When WritersMelon sent me the book for review I was eagerly awaiting its arrival.

Having read the Mrityunjaya by Shivaji Sawant, Jaya by Devdutta Patnaik and Ajay, The roll of Dice by Anand Neelkanthan, I was expecting this story in similar vein with great characterisation and detailed narration of various events.

The Epic story of Mahabharata has a plethora of characters, each with a story of its own. Each character of the story is capable of telling and retelling the story from his or her own perspective.

Author Vikas Singh chooses to be the voice of Bhima, one of the Pandavas. In this short volume, Bhima is the solo narrator who voices his view in a sort of monologue. Vikas has wanted to portray Bhima’s feelings for Draupadi. The story weaves Bhima’s passion towards his shared wife into all events since the day of swayamvara till the great war and final journey towards heaven.

I liked the way author has attempted to impart some life lessons with the help of events like Bhima’s meeting with Hanuman, . When Bhima meets his half-brother Hanuman, he is taught the importance of humility…

There is a thin line between confidence and arrogance. Confidence is good, arrogance can prove fatal.

When Arjun returns with new wife Subhadra, Bhima consoles and advises Draupadi…

“We can’t  force someone else to feel particular way about us… You can choose to be resentful…Or be grateful that the person is a part of your life”

However, the story nowhere highlights Bhima’s virtues properly. From the beginning of the story it looks as Bhima has broken into a tirade against all people around him. He laments how his mother was always biased towards his younger brother, how his teacher was always partial to Arjuna, how his wife who is also the wife of all brothers pines only for Arjun and even in the most passionate moments imagines she is with his younger sibling, how Devas keep on beckoning Arjun, how women are almost always attracted to Arjuna, how he never gets credit for the wars he has fought and so on..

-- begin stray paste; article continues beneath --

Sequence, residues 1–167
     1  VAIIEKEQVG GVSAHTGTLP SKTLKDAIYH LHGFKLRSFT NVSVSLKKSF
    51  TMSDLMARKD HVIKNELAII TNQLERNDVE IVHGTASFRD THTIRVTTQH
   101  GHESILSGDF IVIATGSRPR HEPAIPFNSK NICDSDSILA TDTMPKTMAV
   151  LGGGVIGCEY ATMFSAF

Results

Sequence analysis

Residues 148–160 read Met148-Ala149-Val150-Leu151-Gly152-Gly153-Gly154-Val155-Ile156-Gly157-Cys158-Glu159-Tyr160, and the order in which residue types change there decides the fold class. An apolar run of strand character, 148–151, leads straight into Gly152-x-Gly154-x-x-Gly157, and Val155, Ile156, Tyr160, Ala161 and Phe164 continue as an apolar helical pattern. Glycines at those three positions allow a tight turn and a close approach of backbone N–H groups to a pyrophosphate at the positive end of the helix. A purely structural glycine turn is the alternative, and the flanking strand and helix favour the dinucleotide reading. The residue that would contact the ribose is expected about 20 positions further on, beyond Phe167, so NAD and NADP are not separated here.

Vikas Singh has made Bhima look like one who keeps harping about all his exploits at various situations himself and is always jealous. If he was aiming to bring out his virtues, I haven’t been convinced. Instead I feel Bhima is resentful, jealous and always complaining… a sign of an under-confident person.

I found the passionate episodes in the story very undesirable. The brothers are shown discussing their personal post-marriage first-night experiences which is very racy and like the juvenile jokes.

Bhima was never in shadows….he was considered the most powerful….most of his exploits and adventures are known to many. He was not under-confident even or else he would have succumbed to his own flaws.

The fact that there is so much information about the various events is proof itself that Bhima was never in shadows. I feel the great warrior has been wronged in this story. I am hugely disappointed with the book.

The story is good for readers who are interested in reading a juicy racy story without much details of history and mythology.